'Patients are afraid to come into town'
April 17, 2013
By Craig Palmer, ADA News staff
It's not just that his dental office was still closed by order of authorities two days after the Boston Marathon bombings, some 30 appointments lost the first day of closure and about 24 the next, Dr. Charles Badaoui told the ADA News. “Tomorrow, already, patients are calling and saying they're afraid to come into town.”
“Some are cancelling, some are not,” he said. “I lost two patients who were in pain and I couldn't attend to them (one was referred, medications prescribed for another). “Today's patients all cancelled and tomorrow's are cancelling their appointments. Hopefully we will open tomorrow.” A staff member tried to open the office April 17 and they (authorities) told her it's still closed, Dr. Badaoui said. As for reopening, “I won't know until I hear from the authorities.”
He expects his patients to return. “They will show their support and come back. It's very sad that we are unable to tend to our patients. It's a tragedy what happened.”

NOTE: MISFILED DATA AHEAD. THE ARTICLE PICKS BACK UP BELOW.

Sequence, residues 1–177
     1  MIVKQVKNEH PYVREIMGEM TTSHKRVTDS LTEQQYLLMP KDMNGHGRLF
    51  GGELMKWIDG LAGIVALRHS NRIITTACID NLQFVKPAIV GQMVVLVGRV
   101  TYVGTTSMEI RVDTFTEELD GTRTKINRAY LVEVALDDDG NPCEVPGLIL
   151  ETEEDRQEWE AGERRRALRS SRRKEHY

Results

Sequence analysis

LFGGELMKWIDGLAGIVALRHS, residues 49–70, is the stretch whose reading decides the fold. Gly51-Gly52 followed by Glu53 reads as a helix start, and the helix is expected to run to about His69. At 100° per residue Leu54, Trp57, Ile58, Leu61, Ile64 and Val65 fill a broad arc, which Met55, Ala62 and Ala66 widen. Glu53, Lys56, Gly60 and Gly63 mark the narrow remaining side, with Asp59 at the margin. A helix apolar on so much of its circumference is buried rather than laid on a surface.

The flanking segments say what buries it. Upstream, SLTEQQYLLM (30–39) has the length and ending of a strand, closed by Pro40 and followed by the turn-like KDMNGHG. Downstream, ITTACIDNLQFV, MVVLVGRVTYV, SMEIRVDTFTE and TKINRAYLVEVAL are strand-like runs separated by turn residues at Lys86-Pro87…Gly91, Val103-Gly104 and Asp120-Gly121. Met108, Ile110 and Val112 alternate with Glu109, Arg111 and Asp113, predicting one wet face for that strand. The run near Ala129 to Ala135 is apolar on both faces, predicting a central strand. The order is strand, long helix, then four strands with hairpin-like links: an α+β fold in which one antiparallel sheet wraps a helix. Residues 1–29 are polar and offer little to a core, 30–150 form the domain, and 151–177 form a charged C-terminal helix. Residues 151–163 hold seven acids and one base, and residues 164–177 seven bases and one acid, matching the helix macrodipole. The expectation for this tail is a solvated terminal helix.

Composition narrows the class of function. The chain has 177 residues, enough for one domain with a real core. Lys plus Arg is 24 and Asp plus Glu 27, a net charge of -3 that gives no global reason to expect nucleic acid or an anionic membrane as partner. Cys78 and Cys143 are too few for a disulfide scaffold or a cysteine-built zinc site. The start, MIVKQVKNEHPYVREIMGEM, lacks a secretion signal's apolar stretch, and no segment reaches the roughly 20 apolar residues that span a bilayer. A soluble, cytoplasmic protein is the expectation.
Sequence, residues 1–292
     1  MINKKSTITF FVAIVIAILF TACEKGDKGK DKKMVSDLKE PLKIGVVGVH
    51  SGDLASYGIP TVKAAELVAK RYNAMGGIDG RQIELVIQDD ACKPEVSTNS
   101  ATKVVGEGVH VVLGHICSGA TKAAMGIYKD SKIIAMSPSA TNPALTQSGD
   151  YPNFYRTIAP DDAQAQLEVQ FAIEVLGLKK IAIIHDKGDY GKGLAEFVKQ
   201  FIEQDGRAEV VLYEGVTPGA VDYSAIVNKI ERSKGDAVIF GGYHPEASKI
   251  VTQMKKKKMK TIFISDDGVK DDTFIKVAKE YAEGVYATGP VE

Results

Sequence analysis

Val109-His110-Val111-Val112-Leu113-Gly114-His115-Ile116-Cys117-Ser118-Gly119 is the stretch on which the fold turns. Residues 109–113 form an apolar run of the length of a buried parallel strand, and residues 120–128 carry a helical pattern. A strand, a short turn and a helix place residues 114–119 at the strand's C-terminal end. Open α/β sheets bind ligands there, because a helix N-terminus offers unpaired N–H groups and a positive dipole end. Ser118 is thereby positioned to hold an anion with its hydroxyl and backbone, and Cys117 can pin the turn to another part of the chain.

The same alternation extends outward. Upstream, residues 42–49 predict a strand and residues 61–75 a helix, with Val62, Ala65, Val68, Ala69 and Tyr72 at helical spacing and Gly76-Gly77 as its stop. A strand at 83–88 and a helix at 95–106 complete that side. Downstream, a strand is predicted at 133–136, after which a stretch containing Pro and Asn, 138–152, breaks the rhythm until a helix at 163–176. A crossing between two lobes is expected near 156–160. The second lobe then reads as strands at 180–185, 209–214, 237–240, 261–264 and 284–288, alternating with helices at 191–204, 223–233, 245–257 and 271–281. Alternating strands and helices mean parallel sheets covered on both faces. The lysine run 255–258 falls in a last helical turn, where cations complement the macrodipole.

The bombing occurred “about half a block away” from his Copley Square dental practice and between his and another practice, said Dr. Badaoui. Was his building damaged? “I don't know and I don't think so.” The area was a cordoned off crime scene April 17 as the investigation continued. A public square in Boston's Back Bay neighborhood, Copley is bounded by Boylston Street, Clarendon Street, St. James Avenue and Dartmouth Street.
Dr. Badaoui's dental office was closed for the April 15 Boston Marathon, which is always held on Patriots Day, a Massachusetts state holiday commemorating opening battles of the American Revolutionary War. “I was not watching the marathon,” he said. “I was held up by my neighbor when my wife called and said, did you hear the news? Should I have not stopped to talk to my neighbor I would probably have been in that area. Things happen for a reason.”